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Staggered Board Of Directors

staggered board of directorsWhat are the pros and cons of having a staggered board of directors (aka a classified board)?


Topic Expert
Glenn Robertson
Title: SVP-Internal Audit
Company: Wyndham Worldwide
(SVP-Internal Audit, Wyndham Worldwide) |

According to FactSet Research Systems, between 2000 and 2009, the number of S&P companies with classified boards declined from 300 to 164. The primary arguments made by proponents of declassified boards (those boards whose non-management Directors face election annually) are that classified boards could be associated with (1) lower firm value and (2) worse corporate decision making... due to such Directors avoiding accountability to shareholders., i.e., if those Directors' seats were on the line each year, they would be less comfy and perform better.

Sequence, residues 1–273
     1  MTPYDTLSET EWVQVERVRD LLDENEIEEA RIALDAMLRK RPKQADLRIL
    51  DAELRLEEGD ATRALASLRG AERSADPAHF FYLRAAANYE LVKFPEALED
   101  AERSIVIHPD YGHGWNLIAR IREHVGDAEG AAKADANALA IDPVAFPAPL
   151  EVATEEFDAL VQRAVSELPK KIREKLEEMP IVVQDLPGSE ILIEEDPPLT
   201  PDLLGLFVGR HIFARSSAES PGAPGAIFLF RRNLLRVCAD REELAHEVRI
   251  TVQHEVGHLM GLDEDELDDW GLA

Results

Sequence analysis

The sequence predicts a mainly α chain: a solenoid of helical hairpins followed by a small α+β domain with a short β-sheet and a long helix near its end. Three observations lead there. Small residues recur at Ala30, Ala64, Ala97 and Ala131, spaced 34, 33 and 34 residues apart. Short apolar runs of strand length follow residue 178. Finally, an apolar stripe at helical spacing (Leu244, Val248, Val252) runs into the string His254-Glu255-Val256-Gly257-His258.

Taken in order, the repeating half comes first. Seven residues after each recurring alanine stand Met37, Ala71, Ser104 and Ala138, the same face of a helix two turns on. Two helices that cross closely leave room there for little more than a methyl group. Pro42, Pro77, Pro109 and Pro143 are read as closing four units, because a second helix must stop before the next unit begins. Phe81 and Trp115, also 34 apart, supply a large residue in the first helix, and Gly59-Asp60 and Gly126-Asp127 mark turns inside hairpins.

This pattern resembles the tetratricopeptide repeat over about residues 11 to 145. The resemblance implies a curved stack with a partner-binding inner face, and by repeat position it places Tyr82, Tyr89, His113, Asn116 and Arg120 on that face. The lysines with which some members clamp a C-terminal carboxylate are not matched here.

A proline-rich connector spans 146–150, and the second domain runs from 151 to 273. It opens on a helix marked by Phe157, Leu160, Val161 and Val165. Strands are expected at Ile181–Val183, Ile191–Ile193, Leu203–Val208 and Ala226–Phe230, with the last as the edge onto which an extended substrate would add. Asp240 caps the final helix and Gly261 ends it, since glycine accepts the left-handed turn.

One study from 2008 (Bates, Becher and Lemmon) indicated mixed results on the argument, citing that while classified boards are associated with higher takeover premiums, they are also linked to lower likelihood of takeover and perhaps lower firm valuation.

Proponents of classified boards argue that longer terms of non-management Directors (e.g. three years, etc.) leads to (1) greater stability and continuity (that such Directors offer more knowledge and deeper counsel about the business based on their longer tenure) and (2) protection against abusive takeover tactics. Those proponents also try to wrestle away the other side's main argument by asserting that classified boards actually have greater independence than declassified boards because their tenure allows them to avoid pressure from short-term shareholders having an agenda contrary to the long-term goals of the organization/shareholders.

In my view, while both arguments have merit, there should not be a one-size-fits-all approach to board structure and each case should be evaluated on its own.


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